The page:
SBA delay will have “huge consequences” for calculating small business program eligibility
In an article that appeared in Law360, Ms. Deborah Rodin criticized the U.S. Small Business Administration (SBA) for its disagreement with – and its consequent delay in adopting – The Small Business Runway Extension Act of 2018.
“The new law should allow growing small businesses to maintain their “small” status for longer,” wrote Ms. Rodin. But the SBA disagrees that the change became effective immediately and instead has indefinitely delayed implementation.
The new law extends from three to five years the period for determining a company’s size based on annual receipts. The change to a five-year look-back period for small business eligibility was designed to make the transition easier as a small business evolves to other-than-small status.
The change should “have instant effect on companies’ size representations for the new year…and on proposals for various contracting opportunities,” Ms. Rodin wrote.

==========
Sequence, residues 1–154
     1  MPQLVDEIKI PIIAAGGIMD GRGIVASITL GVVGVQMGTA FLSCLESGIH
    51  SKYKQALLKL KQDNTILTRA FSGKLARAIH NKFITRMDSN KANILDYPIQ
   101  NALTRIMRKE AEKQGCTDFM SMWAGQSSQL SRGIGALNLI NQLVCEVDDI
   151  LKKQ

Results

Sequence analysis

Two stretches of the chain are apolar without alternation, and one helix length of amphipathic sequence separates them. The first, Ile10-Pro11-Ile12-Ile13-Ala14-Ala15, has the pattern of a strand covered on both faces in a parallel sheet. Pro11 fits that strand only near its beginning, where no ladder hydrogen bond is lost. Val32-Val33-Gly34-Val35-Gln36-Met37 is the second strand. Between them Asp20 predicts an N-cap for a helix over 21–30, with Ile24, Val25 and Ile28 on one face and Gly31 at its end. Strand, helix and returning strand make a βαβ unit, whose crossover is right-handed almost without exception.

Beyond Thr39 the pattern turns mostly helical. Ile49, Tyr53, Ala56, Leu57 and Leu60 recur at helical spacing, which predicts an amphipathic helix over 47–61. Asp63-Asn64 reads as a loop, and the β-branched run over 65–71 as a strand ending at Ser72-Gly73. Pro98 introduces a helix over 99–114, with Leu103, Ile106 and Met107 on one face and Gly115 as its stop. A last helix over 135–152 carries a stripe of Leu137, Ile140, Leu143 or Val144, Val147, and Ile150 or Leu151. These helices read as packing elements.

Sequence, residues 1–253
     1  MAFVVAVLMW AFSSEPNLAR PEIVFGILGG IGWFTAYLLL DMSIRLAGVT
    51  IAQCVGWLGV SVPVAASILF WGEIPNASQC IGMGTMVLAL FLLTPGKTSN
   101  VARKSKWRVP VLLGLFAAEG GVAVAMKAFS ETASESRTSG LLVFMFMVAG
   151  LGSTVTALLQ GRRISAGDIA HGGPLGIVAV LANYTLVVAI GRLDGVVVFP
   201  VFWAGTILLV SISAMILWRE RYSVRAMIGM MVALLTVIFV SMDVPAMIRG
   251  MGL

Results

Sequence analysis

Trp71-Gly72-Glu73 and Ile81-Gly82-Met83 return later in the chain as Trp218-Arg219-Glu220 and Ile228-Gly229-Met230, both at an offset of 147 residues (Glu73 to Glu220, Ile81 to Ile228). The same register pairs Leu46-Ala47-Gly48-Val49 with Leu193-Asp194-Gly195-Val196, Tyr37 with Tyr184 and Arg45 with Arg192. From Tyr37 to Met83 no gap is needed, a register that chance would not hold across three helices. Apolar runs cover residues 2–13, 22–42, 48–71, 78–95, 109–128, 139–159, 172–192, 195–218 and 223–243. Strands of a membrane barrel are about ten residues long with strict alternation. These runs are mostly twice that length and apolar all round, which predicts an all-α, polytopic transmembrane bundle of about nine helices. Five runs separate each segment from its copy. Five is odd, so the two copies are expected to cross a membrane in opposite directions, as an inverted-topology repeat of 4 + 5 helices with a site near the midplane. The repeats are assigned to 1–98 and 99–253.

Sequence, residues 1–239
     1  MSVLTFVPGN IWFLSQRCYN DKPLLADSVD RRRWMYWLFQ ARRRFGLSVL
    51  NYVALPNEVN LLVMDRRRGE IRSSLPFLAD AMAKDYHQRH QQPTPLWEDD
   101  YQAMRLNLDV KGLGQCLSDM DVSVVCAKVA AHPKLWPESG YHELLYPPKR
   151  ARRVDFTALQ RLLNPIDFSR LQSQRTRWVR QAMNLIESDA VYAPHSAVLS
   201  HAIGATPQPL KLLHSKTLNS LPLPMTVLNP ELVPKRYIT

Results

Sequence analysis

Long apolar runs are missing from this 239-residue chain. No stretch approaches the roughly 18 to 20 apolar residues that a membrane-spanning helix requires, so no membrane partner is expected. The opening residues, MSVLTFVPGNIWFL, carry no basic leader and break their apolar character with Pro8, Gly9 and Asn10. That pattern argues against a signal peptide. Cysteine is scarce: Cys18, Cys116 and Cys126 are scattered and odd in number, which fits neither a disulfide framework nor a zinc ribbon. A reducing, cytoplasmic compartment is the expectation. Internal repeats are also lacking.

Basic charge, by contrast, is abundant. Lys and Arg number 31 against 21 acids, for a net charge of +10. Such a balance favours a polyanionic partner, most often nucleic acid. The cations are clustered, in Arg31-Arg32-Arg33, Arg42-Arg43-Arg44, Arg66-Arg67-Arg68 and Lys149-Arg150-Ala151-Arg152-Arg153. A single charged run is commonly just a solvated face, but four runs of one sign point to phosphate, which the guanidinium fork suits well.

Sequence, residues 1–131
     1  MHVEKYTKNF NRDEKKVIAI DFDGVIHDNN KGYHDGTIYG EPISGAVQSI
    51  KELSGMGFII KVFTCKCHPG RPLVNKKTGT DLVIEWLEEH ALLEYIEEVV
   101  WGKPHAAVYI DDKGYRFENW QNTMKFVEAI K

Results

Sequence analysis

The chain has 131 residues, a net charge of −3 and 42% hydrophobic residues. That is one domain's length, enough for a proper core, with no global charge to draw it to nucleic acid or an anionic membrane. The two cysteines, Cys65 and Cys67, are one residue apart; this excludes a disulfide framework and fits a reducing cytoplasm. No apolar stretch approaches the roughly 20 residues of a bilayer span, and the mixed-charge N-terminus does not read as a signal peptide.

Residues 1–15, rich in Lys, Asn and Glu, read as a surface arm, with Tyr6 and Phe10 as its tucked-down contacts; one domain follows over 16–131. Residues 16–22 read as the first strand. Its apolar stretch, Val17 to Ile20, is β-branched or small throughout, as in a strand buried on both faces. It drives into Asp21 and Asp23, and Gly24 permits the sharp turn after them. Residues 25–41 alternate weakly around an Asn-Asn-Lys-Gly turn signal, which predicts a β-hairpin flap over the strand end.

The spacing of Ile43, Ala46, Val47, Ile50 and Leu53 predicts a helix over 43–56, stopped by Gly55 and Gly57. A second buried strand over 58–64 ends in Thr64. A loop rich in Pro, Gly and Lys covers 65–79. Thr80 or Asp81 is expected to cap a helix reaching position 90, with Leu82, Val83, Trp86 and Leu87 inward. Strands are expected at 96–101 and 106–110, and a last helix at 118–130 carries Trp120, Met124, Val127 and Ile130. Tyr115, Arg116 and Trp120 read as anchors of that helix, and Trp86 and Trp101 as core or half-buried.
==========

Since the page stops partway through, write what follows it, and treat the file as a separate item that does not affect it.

For example, a company that has steadily progressed from a small business status under the three-year look-back period could still qualify as small if measured under the new law’s five-year period. But it could risk losing set-aside contracts by relying on the law’s five-year calculation while the SBA continues to apply the three-year rule.
“. . . [In its] seemingly arbitrary rule-making processes… the SBA may disagree with the wisdom of the change, but that is mostly irrelevant,” Ms. Rodin wrote. “As far as courts are concerned, changing a look-back period from three to five years would not seem to be the sort of area where agency discretion is even implicated, much less owed any deference.”
For the full article on Law360, please click here.
About Deborah Norris Rodin
Deborah Norris Rodin is a member of the firm’s Government Contracts practice group. She has broad experience with government contracts counseling and dispute resolution for clients in a diverse range of industries. She has experience litigating bid protests before the Government Accountability Office and the U.S. Court of Federal Claims and has worked on contract disputes and defense of claims brought against contractors under the False Claims Act. She has also advised clients on internal and government investigations and a variety of compliance issues affecting government contractors.
Contact Deborah Rodin:
875 15th Street, NW, Suite 725
Washington, DC, 20005
Phone: (202) 777-8959